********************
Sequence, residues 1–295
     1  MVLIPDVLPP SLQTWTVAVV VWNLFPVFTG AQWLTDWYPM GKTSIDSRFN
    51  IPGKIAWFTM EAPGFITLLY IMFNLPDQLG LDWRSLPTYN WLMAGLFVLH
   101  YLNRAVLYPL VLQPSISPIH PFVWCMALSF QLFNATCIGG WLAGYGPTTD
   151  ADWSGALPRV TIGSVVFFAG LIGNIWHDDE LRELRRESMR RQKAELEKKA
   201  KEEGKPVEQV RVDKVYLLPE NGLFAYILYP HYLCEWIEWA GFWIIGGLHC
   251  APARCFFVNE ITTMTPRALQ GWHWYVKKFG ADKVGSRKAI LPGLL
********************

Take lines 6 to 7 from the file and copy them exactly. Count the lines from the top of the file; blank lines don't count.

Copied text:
   201  KEEGKPVEQV RVDKVYLLPE NGLFAYILYP HYLCEWIEWA GFWIIGGLHC
   251  APARCFFVNE ITTMTPRALQ GWHWYVKKFG ADKVGSRKAI LPGLL